A systematic review on the clinical diagnosis of gastrointestinal stromal tumors

Marco Scarpa, Matteo Bertin, Cesare Ruffolo, Lino Polese, Davide F. D'Amico, Imerio Angriman

Research output: Contribution to journalArticlepeer-review

Abstract

Background: The aim of this work was to assess the prevalence of symptoms of gastrointestinal stromal tumors (GISTs) and the diagnostic yield of clinical procedures for its diagnosis. Methods: Medical databases were consulted between 1998 and 2006 for potentially relevant publications. All studies dealing with the clinical presentation of GIST and related diagnostic procedures were included. Two researchers worked independently on the study selection, quality assessment, data extraction, and analysis phases of the study. Results: Forty-six observational studies were included with a total of 4,534 patients. Gastrointestinal bleeding was the most common clinical presentation. Twenty studies provided adequate information on the diagnostic yield of various procedures. The pooled diagnostic yield of endoscopy + mucosal biopsy and of intestinal contrast radiography was 33.8% (0-100%) and 35.1% (11-100%), respectively, while that of EUS and that of EUS-FNA was 68.7% (40-100%) and 84.0% (73.8-100%), respectively. Abdominal CT scan and MRI had similar pooled diagnostic yields: 73.6% (34.8-100%), and 91.7% (75-100%), respectively. Conclusion: Endoscopy + mucosal biopsy should be reserved to patients with gastrointestinal bleeding. EUS-FNA provides direct visualization of the neoplasm and adequate samples for molecular diagnosis. EUS, abdominal CT and MRI may be considered valid alternatives whenever EUS-FNA is unavailable or a cytological diagnosis is unnecessary.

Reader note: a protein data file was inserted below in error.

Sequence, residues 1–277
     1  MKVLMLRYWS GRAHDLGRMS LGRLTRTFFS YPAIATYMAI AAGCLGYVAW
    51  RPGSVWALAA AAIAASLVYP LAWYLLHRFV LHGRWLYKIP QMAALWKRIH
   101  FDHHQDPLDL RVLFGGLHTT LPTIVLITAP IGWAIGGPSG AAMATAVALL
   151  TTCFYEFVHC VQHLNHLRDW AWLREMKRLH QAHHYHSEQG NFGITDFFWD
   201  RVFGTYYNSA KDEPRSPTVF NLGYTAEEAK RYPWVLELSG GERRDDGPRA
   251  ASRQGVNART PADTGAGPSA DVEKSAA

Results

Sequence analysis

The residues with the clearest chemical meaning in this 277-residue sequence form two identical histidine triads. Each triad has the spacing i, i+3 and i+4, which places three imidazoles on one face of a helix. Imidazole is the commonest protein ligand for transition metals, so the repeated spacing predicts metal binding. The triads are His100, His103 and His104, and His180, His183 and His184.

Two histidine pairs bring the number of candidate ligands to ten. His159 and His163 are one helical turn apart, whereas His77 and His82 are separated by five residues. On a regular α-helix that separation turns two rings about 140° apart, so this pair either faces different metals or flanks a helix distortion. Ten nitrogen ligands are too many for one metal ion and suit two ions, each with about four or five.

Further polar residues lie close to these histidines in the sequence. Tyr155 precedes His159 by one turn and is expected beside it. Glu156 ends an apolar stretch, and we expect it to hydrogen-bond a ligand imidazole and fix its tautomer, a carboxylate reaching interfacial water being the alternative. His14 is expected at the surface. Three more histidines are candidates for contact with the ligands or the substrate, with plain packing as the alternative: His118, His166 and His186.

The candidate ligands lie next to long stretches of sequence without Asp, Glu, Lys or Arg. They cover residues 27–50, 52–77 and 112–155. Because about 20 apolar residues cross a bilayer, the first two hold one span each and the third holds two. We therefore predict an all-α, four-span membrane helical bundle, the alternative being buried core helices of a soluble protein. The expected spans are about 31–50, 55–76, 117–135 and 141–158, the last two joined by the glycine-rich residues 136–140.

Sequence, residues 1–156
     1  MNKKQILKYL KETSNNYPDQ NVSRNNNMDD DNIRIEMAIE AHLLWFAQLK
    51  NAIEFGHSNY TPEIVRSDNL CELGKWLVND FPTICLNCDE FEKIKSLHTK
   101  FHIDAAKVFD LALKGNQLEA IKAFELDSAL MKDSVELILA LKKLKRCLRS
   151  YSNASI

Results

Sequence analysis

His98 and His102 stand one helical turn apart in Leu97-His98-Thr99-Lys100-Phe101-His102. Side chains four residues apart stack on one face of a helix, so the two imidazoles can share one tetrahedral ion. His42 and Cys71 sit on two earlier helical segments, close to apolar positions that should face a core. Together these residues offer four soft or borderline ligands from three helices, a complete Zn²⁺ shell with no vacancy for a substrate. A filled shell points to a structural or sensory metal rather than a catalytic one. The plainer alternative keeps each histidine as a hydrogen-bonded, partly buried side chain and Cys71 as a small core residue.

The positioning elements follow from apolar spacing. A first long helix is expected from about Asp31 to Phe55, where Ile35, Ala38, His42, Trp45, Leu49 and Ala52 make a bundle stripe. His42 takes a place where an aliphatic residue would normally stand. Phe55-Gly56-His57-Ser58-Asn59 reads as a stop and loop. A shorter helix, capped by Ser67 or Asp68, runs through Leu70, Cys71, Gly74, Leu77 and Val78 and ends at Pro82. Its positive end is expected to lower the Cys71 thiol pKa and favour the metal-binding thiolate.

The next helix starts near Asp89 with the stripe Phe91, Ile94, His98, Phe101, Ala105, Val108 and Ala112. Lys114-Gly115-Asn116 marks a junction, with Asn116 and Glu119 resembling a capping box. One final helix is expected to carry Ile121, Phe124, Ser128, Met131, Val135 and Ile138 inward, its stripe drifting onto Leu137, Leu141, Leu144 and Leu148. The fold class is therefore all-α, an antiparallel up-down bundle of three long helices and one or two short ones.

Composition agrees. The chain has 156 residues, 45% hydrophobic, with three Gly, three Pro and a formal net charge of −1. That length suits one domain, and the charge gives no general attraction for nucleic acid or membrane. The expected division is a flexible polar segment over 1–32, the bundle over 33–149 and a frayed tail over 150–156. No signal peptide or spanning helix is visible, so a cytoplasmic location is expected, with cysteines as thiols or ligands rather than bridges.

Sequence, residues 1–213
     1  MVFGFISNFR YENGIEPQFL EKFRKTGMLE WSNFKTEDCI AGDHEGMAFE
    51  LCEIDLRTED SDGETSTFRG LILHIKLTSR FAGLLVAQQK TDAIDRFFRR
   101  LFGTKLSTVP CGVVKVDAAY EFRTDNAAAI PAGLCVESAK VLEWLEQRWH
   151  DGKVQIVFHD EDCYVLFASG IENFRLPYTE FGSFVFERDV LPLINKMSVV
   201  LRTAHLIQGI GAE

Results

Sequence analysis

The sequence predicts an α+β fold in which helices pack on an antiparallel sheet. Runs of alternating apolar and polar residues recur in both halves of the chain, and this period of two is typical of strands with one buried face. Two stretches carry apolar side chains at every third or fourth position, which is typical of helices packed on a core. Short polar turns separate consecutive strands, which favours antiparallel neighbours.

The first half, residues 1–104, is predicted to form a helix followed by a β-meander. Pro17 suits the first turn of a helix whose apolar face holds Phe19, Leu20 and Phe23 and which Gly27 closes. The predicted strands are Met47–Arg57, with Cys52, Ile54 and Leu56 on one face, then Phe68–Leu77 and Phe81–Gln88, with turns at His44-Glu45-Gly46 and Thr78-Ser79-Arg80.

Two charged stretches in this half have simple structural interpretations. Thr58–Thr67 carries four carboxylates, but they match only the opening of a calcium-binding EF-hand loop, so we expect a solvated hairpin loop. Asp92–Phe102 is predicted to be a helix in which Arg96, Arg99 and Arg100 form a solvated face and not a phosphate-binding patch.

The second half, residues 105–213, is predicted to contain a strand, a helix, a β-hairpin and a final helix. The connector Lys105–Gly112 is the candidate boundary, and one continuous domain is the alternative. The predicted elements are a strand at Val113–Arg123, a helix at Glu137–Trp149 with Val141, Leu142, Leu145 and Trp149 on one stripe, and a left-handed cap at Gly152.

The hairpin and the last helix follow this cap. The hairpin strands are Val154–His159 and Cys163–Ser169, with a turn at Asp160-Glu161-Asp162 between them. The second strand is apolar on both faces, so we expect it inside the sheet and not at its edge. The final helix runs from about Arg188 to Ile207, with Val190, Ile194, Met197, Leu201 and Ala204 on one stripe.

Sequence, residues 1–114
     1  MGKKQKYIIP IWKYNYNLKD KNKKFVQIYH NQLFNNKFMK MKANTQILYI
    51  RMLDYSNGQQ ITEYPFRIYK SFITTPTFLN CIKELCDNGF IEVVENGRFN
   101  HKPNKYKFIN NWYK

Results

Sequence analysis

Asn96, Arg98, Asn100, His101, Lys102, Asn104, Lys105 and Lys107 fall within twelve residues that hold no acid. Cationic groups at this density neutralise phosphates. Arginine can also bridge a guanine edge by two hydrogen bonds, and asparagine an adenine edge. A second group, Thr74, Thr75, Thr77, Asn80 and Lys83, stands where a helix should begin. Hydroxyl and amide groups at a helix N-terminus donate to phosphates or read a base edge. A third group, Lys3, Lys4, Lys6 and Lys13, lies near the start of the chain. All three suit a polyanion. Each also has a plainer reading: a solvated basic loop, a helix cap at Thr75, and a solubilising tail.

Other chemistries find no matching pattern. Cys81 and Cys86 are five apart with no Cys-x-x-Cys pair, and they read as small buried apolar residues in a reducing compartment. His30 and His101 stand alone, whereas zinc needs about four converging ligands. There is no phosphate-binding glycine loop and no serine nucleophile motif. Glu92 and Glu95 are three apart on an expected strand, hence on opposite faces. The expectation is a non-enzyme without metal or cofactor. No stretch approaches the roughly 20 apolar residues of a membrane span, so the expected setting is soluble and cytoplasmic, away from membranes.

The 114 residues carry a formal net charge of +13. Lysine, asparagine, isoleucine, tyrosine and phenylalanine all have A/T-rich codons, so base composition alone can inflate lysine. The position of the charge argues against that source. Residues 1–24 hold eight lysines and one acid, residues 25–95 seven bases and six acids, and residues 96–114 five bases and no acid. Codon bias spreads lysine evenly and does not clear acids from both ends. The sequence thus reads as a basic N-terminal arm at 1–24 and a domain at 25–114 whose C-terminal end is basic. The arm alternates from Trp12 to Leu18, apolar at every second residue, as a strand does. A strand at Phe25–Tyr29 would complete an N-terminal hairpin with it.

Original languageEnglish
Pages (from-to)384-392
Number of pages9
JournalJournal of Surgical Oncology
Volume98
Issue number5
DOIs
Publication statusPublished - Oct 1 2008

Keywords

  • Computed tomography
  • Endoscopic ultrasound
  • Endoscopy
  • Gastrointestinal stromal tumors
  • Magnetic resonance imaging

ASJC Scopus subject areas

  • Surgery
  • Oncology

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